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February newsflash - European policy day, Two policy briefs published, Final OpenNESS conference, and more!

ABOUT OPENNESS

OpenNESS is a European research project that translates the concepts of ecosystem services and natural capital into operational frameworks that provide tested, practical and tailored solutions for integration into land, water and urban management and decision-making.

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EUROPEAN POLICY DAY ON 'INNOVATING WITH NATURE'

On 1 March 2016, OpenNESS together with the OPERAs project and the European Commission DG Research & Innovation, organises a policy day on natural capital and ecosystem services for sustainable EU policies. The policy day aims to demonstrate the strong role nature plays in tackling current global challenges, and the critical contributions of natural capital and ecosystem services research to sustainable EU policies.
The event is on invitation-only and will be highly participatory. It aims to facilitate and stimulate interaction between policymakers and scientists on the contributions of natural capital and ecosystem services to the circular economy, sustainable development goals, and energy and climate issues. The event is organised under the auspices of the Netherlands EU Presidency. 
The day before this policy day OpenNESS will be represented in a science-science meeting in Brussels in which DG Research & Innovation brings together some 50 European projects that relate to ecosystem services and natural capital.

FINAL OPENNESS CONFERENCE 'HELPING NATURE TO HELP US'

The final OpenNESS conference is jointly being organised by the research projects OPERAs, OpenNESS, and ECOPLAN and the Ecosystem Services Partnership (ESP). It is hosted by the University of Antwerp in Belgium. It will be the biggest European event in 2016 that links science, policy and practice on ecosystem services and natural capital. With a strong focus on practice and implementation it will showcase excellent knowledge and research, share working examples from business, land management, policy and local practice.

3RD ANNUAL MEETING

The third and last OpenNESS Annual Meeting, kindly organized and hosted by the Helmholtz-Centre for Environmental Research (UFZ), will take place in Leipzig, Germany, from 26 to 28 April 2016. The aim of this meeting is to draw together synthesis activities and inform and involve all OpenNESS partners in this process. A special session on policy is organized to link OpenNESS insights derived on the local level to those on national and European levels – and vice versa.

TWO POLICY BRIEFS PUBLISHED

Two OpenNESS policy briefs were recently published. One brief explains how to integrate nature-based solutions in urban planning using examples from urban cases around Europe. The other brief 'EU bioenergy policies at the crossroad' defends the argument that policies advancing bioenergy use should be developed based on an understanding of the potential trade-offs between ecosystem services. It also uses some case studies about bioenergy production in different countries as practical examples.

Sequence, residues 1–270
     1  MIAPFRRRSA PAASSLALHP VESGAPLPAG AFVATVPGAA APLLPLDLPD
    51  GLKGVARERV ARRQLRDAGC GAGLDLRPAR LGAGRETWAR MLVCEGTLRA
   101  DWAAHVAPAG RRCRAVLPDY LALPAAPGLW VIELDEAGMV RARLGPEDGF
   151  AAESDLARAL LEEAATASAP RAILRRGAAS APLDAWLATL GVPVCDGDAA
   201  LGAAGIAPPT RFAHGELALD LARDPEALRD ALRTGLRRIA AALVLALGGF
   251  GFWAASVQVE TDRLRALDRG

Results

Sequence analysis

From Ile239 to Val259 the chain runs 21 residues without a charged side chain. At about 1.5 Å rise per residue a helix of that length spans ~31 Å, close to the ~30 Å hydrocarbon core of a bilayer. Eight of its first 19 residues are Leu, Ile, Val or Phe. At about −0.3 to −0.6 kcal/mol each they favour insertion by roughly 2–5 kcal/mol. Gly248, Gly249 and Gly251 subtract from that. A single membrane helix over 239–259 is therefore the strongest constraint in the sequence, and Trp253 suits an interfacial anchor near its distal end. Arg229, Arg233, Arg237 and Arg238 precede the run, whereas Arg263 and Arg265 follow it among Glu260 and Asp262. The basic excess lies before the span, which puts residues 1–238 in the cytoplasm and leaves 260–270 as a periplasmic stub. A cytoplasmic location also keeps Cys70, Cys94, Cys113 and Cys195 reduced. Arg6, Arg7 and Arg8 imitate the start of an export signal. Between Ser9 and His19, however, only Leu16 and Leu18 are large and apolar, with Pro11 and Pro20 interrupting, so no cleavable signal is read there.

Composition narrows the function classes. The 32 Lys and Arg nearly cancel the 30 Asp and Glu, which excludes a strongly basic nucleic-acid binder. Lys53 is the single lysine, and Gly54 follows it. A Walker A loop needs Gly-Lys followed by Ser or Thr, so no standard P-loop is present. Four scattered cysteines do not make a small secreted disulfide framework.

OPPLA ON THE MOVE

The Ask Oppla service on the Oppla website has gone live in October 2015. Ask Oppla aims to help answer questions about ecosystem services and natural capital by drawing upon the knowledge of the Oppla community. It will be promoted and actively tested during the upcoming policy day in March, by facilitating dialogue with hundreds of scientists from across Europe. Also, in November 2015, the OPERAs project organized a workshop to engage stakeholders from the private sector, government and non-governmental organisations. Their input and feedback will be used by Oppla to roll-out the next level of development. Furthermore, Oppla has been promoted at several events, including the 8th global Ecosystem Services Partnership (ESP) conference in South-Africa and the Belgian Ecosystem Services Community (BEES) Christmas Market in Brussels.

ECOSYSTEM SERVICES: NEVER WASTE THE OPPORTUNITY OFFERED BY A GOOD CRISIS

The idea of ecosystem services is a nice one, but what is it good for? How can the concept become good in practice? Where? When? And is it a good concept after all? Should we think the concept big or small, narrow or wide? Anyone working with ecosystem services has been exposed to these questions by co-academics, by policy makers, nature organisations, businesses, students, friends, relatives… Many of us do have answers, but giving a comprehensive understanding of issues is sometimes difficult, or at least frustrating. Marion Potschin, Roy Haines-Young, Robert Fish and R. Kerry Turner as editors have tackled this huge task by pulling together more than 50 essays into a Routledge Handbook on Ecosystem Services.

PAPERS PUBLISHED


Gonzalez-Redin, J., et al., Spatial Bayesian belief networks as a planning decision tool for mapping ecosystem services trade-offs on forested landscapes. Environmental Research (2016)

Tenerelli, P., U. Demšar and S. Luque, Crowdsourcing indicators for cultural ecosystem services: A geographically weighted approach for mountain landscapes. Ecological Indicators (2016)

Quintas-Soriano, C., et al., Ecosystem services values in Spain: A meta-analysis. Environmental Science & Policy (2016)

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